Current societal systems are characterized by the rapid development of technologies and digitalization. Closely related to communication methods and processes, networking processes, and information flows [1
], digital transformation has become a factor of the societal transitions affecting different innovation systems. This fosters the innovative integration of entrepreneurial and business models in different industries [3
], determining the development of digital entrepreneurship. We suggest that digital entrepreneurship relates not only to specific outcomes of business activities. It is rather a multidimensional phenomenon that interrelates various elements in industrial supply chains within various innovation systems. The development and impact of digital entrepreneurship differ in regard to the different socioeconomic conditions, determining different patterns of digital transformation. This may also include challenges (e.g., [8
]) and supporting conditions for doing digital business (e.g., [9
]). The variety of existing indicators and indices provides measurements for specific digital categories (e.g., ICT, value in a digital economy, digital risk), as well as for the impact of digitalization on socioeconomic processes (e.g., employment, innovation development, financial flows). However, the interrelation of existing indicators, including those that measure digital business and its different dimensions, with the overall digital transformation process is highly dynamic and non-deterministic.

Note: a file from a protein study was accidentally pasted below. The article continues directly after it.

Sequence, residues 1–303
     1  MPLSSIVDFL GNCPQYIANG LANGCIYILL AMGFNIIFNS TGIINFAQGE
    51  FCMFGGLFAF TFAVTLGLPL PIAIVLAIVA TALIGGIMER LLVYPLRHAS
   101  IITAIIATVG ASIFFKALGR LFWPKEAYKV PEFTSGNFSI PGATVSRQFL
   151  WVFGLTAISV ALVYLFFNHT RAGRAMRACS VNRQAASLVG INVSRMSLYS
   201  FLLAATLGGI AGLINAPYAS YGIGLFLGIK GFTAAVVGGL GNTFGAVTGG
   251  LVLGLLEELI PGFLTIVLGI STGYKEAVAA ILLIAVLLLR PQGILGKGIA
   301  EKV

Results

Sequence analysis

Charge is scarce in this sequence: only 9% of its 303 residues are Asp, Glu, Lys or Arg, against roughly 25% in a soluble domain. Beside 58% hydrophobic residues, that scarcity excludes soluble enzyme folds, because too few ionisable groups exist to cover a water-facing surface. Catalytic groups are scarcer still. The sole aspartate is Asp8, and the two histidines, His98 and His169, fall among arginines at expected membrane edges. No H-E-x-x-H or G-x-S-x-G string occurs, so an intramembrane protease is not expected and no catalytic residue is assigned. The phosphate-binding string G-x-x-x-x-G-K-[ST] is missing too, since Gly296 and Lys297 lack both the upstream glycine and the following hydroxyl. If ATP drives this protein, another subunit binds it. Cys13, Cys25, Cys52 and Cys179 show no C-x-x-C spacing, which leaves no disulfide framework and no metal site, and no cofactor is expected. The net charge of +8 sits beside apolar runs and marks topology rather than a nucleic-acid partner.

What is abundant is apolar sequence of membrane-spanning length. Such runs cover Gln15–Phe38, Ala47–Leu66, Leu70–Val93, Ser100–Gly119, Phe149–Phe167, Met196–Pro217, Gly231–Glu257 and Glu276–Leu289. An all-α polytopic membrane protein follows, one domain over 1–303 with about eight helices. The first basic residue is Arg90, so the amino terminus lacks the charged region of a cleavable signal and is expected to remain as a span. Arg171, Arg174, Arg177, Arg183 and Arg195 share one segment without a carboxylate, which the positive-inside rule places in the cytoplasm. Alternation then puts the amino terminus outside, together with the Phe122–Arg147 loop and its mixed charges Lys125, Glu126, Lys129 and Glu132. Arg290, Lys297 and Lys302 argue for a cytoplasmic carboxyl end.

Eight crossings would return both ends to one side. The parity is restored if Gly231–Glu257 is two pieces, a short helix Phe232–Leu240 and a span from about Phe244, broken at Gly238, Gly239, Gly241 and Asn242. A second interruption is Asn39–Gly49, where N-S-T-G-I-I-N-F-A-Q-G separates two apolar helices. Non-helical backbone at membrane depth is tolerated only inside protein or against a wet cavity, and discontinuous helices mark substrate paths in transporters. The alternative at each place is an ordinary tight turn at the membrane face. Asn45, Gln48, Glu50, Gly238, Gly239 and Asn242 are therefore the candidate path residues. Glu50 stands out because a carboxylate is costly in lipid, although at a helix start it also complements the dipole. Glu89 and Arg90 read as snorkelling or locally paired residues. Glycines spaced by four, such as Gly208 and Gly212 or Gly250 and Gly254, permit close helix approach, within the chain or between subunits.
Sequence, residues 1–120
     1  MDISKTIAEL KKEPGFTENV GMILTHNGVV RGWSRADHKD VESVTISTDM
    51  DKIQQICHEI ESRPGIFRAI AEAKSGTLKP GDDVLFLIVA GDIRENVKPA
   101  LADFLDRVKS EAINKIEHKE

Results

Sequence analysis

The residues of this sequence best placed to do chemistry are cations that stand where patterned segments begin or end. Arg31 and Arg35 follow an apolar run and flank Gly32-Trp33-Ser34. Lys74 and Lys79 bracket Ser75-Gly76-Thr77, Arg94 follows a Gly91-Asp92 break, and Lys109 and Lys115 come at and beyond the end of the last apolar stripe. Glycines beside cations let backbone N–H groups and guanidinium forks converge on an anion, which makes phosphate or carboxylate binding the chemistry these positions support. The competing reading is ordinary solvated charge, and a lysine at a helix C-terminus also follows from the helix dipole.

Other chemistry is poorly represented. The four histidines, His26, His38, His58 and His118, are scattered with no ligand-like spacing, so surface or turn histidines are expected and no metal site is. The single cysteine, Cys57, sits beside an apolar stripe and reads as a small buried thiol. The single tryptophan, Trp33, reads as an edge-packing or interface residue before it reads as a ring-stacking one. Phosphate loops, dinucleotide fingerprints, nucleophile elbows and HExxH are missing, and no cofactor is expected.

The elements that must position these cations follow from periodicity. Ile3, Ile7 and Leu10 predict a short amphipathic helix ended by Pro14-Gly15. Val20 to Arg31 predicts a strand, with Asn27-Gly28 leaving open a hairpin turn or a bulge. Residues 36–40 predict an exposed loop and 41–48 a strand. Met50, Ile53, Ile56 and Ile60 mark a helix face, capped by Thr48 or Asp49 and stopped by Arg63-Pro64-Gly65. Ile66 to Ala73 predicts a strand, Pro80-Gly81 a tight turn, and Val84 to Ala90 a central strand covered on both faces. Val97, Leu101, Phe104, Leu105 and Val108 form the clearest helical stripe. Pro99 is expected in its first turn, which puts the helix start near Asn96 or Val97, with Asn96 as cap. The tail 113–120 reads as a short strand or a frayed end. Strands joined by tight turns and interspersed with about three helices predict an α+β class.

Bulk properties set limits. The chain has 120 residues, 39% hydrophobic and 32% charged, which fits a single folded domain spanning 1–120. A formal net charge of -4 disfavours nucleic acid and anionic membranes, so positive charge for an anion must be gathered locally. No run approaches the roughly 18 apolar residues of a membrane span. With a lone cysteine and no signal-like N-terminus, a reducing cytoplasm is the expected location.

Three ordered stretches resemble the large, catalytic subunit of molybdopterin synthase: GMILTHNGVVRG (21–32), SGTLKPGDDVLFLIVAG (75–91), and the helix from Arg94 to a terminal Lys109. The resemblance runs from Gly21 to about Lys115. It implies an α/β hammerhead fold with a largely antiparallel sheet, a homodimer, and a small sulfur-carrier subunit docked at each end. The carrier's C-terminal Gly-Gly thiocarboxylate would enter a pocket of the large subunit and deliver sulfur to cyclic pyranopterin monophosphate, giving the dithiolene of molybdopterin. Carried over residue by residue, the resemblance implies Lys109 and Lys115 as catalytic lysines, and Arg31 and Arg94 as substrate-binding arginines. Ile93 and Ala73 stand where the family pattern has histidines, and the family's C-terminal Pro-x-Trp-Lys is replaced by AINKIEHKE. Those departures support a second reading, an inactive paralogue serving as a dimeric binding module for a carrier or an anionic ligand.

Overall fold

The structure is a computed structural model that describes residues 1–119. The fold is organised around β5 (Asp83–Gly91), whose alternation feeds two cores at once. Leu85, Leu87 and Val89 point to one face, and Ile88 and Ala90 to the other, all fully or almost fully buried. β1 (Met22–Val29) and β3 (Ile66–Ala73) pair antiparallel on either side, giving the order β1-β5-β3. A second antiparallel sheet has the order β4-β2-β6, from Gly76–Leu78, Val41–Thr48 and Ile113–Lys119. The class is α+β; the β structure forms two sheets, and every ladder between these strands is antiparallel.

According to Tilson et al., digitalization is “a sociotechnical process of applying digitizing techniques to broader social and institutional contexts that render digital technologies infrastructural” [10
]. As a source of digital transformation, digitalization is interpreted as “the changes that the digital technology causes or influences in all aspects of human life” [11
]. In its turn, digital entrepreneurship as a part of such transformation processes may be considered, on the one hand, a driving force for innovation development [5
]. On the other hand, it becomes a challenge (i.e., vulnerabilities and opportunities) for the resilience and, ultimately, the sustainability of the innovation system in general [14
]. Therefore, it is particularly important to understand how digital entrepreneurship as a driver of digital transformation may affect the sustainable transition capacity of the innovation system and, consequently, the socioeconomic system. In our research, we consider the innovation system as a subsystem and important driver within the dynamics of the total socioeconomic system, particularly with respect to its development, transition, and sustainability processes.